Scientists have identified the mechanism of “eating” pulsars stars-neighbors.
Amateur astronomer from South Africa Andre van Staden discovered an unusual pulsar–”vampire” in the constellation Sagittarius, the observation of which helped scientists to determine why these “dead stars” sometimes cease to draw energy from his companions.
The results of observations of scientists published in the Astrophysical Journal.
Pulsars are a special type of neutron stars, from which the poles are beams of radio waves. Usually young pulsars are rotating very fast, but gradually slow down as it will spend on the rotation of your energy. However, if a pulsar has a companion, he may again begin to rotate. Pulsars-“vampires” take up the matter of the neighboring stars is not constant, but with large breaks.
Previously, astrophysicists believed that these breaks are related to the fact that the neutron star periodically “bogged down” and starts to throw and not to absorb matter. Now, thanks to the observations of van Staden scientists think that it is not.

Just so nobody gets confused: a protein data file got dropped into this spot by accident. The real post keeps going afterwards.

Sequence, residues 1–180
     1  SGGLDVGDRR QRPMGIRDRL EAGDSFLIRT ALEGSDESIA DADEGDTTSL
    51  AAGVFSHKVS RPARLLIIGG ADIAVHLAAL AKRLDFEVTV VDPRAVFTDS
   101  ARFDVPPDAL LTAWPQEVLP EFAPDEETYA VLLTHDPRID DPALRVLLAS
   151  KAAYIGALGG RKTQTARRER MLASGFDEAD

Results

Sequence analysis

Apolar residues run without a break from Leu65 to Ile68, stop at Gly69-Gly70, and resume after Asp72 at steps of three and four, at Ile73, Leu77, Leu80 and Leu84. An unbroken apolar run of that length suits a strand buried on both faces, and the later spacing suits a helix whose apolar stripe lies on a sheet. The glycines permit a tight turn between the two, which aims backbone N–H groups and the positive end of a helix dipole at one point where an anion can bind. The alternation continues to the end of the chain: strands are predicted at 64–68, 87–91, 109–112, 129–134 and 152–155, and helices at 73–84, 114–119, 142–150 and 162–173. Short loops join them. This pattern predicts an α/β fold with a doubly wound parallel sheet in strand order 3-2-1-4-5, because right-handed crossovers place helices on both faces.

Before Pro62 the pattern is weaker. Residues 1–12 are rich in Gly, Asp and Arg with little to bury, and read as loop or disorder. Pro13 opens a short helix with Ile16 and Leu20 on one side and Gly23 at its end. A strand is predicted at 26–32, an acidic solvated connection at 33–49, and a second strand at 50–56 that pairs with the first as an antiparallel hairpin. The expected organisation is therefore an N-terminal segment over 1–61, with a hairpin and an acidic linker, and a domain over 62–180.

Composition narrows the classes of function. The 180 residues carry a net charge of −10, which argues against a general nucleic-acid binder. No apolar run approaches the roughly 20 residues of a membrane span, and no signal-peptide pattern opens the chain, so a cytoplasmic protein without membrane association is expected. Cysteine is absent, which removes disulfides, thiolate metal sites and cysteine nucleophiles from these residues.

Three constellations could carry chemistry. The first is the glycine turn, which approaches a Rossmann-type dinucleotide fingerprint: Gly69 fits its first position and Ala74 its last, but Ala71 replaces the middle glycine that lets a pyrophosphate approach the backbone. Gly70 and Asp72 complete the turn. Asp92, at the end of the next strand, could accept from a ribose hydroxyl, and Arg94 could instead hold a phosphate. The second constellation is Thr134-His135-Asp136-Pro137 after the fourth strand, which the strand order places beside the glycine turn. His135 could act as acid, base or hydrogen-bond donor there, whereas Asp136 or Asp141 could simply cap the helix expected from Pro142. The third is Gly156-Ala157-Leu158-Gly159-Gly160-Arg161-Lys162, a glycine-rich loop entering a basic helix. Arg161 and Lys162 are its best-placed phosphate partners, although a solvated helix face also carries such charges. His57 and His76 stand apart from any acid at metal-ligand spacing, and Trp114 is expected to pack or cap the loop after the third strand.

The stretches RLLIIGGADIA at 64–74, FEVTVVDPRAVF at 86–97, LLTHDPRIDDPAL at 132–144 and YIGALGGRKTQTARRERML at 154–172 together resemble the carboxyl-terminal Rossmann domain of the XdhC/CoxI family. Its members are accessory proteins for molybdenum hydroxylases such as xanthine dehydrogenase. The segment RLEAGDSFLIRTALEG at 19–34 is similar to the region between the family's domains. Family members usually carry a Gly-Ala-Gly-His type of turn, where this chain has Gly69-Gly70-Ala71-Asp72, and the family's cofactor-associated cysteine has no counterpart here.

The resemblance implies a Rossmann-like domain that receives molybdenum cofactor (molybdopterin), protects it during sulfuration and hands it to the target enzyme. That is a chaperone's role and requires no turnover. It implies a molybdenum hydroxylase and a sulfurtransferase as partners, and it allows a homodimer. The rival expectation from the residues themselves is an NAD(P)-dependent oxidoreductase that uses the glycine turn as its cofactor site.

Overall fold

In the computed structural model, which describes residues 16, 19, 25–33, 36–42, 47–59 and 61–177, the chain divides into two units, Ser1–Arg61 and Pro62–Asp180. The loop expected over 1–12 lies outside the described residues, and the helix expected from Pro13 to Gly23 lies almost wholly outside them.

Watching the pulsar J1723-2837 for several weeks, van Staden noticed that the brightness revolve around his star has varied more than the star has made one revolution along the orbit. In addition, he found that on the surface of this star had an unusually large sunspots that appeared in certain periods of time. After analyzing these data, scientists concluded that the pulsar stops “eating” the stars are not alone.
Judging by the appearance of spots on the stellar surface-neighbor J1723-2837, she actively resists eating with a powerful magnetic field. When the pulsar starts to drag the matter, the star gradually “unwinds” that accelerates the flow of plasma in its interior and enhances its magnetic field.
This field prevents the escape of plasma consisting of charged particles in the direction of the pulsar. This discovery may explain the strange “behavior” of pulsars, including the answer to the question of why they sometimes instantly turn into objects of another type.
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